Submission + - Virginia Tech ICAT Introduces Pd-L2Ork Instrument Maker Software, Teaches Kids (

Agram writes: "Teaching computer programming to K-12 students is nothing new. Tools like MIT's Scratch and Carnegie Mellon's Alice provide rich intuitive interfaces, allowing students to explore programming concepts through storytelling. Despite their focus on multimedia, the supporting audio components leave a lot to be desired: limited sound cues and high latency relegate audio to sporadic audio loops and static effects. Enter pd-l2ork, a FOSS Linux-centric fork of Pure-Data "real-time graphical programming environment for audio, video, and graphical processing" with focus on stability, usability, and most recently newfound K-12 maker module for rapid prototyping of novel physical instruments using Nintendo Wiimotes and Arduino boards. Pd-l2ork is a brainchild of L2Ork, world's first Linux-based laptop orchestra whose 2009 debut was covered on Slashdot. Pd-l2ork serves as the ensemble's software backbone and while there are still some rough edges, with half-dozen ensemble tours across two continents and most recently Virginia Tech Institute for Creativity, Arts & Technology (ICAT)'s inaugural MAKEr Camp for 4th-8th grade students, pd-l2ork has seen plenty of beta-testing and is now itching for some Slashdot love. The question, however, is whether it runs on... wait, never mind."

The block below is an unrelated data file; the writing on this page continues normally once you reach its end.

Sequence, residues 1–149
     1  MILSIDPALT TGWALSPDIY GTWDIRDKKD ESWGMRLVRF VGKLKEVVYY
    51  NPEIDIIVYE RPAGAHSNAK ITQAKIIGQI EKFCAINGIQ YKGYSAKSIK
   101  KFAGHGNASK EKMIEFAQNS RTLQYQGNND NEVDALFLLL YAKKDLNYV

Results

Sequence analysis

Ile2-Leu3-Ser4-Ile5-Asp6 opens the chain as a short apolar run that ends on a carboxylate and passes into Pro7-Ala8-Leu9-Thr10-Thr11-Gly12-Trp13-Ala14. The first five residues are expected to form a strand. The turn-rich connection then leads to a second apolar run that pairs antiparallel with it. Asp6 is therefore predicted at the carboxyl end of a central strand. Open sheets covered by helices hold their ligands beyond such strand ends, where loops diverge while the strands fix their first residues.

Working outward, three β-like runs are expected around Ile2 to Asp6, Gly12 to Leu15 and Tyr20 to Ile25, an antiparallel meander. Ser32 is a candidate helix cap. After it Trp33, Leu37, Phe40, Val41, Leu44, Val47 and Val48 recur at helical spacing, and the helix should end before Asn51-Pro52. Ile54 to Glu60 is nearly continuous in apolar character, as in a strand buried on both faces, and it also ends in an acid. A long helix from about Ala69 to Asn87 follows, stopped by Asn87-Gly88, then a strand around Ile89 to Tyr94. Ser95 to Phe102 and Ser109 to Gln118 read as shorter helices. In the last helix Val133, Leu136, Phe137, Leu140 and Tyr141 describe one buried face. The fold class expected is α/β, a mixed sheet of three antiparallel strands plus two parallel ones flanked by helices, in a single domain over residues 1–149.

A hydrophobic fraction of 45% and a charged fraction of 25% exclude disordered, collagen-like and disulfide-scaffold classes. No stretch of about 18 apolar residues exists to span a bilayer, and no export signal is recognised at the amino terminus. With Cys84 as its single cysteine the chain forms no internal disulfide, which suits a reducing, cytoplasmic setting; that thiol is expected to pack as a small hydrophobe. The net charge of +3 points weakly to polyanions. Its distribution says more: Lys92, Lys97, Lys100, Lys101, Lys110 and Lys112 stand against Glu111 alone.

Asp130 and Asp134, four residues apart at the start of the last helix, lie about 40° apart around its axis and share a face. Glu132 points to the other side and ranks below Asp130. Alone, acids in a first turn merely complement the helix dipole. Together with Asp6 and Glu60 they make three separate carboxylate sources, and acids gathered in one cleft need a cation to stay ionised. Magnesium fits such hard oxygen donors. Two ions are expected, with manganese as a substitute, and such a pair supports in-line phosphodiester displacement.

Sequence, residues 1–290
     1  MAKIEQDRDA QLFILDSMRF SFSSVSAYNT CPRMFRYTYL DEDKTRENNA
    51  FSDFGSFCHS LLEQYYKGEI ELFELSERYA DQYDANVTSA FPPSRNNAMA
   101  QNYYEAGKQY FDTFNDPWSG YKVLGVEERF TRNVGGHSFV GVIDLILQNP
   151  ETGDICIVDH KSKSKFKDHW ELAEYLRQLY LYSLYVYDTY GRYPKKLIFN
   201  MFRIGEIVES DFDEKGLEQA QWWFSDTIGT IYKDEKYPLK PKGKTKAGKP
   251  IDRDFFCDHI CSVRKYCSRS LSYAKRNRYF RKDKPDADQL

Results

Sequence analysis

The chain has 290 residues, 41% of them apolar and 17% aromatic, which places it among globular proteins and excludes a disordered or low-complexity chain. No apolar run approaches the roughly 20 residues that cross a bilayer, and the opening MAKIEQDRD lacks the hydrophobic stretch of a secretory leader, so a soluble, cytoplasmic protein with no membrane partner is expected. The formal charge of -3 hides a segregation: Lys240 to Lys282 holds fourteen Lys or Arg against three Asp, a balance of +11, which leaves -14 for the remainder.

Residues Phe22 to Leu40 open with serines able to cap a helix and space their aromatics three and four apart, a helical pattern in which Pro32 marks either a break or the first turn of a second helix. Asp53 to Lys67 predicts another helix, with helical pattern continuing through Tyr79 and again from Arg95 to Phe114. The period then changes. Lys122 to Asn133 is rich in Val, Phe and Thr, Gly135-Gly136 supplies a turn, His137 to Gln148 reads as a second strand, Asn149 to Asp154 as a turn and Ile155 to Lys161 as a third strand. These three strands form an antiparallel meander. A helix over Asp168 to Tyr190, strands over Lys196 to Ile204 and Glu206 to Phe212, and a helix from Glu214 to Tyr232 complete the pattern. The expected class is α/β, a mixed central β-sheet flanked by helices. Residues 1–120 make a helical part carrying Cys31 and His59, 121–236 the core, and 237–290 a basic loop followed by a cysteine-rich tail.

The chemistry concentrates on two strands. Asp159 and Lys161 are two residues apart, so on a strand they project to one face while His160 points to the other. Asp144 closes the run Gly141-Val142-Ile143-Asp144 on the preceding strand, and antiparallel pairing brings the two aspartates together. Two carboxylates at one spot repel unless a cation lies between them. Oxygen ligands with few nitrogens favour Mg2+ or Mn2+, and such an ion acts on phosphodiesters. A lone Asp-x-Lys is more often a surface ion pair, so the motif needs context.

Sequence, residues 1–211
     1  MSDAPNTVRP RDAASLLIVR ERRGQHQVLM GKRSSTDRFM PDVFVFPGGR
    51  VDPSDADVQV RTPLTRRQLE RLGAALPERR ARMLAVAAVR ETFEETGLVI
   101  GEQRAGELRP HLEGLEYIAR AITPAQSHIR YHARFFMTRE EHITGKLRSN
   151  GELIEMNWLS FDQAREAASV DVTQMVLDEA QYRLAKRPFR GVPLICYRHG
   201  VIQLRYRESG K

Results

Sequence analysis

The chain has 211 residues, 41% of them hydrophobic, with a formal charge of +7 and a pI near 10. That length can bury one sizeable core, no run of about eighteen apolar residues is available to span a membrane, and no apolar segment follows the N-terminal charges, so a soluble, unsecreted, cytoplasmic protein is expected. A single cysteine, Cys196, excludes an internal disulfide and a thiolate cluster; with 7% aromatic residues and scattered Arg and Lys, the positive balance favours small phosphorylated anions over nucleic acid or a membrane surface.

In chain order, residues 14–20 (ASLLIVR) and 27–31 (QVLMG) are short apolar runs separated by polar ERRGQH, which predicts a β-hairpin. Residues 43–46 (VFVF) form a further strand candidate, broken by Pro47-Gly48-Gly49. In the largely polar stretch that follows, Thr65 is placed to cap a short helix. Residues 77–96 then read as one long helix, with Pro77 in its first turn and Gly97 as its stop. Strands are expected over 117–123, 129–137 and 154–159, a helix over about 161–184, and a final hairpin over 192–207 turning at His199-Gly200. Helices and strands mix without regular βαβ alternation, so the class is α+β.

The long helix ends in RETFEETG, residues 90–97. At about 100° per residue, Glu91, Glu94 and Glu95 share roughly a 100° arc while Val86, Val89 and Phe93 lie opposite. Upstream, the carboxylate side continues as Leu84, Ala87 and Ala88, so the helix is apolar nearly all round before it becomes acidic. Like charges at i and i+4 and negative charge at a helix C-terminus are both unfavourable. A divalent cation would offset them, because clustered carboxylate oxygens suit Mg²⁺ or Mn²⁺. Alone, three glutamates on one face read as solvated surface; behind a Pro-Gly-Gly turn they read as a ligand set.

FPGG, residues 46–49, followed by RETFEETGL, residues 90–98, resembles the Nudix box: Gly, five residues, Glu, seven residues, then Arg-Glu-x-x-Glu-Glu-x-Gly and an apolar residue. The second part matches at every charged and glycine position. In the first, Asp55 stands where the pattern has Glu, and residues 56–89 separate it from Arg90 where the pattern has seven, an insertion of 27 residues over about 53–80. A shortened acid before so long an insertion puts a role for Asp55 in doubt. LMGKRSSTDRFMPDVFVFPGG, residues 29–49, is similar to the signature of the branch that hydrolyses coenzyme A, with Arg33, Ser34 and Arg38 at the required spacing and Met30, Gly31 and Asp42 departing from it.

Submission + - Of electric cars and sports sedans 1

Agram writes: "Given the earlier story about Tesla S sedan and its impressive 0-60 rating, could not resist but share the story about a little known underdog start-up from Croatia. Last month at Frankfurt car showRimac Automobili presented the fastest and arguably the hottest sports car on the planet. Rimac Automobili's fully electric Concept_One which should go on sale in limited quantities in 2013 offers 1088hp, 0-60 in 3 seconds, and a range of 600km (370 miles). Videos on their site show retrofitted 1980's BMW M3, their first prototype leaving Porsche, Tesla Roadster, and even fastest BMW gas-powered sedan in the dust... Perhaps even more impressive is CEO's age. Mate Rimac is 23 years old. For those who don't bother on clicking on the links, no, it is not vaporware..."

Comment Nintendo has nothing to worry about... (Score 1) 91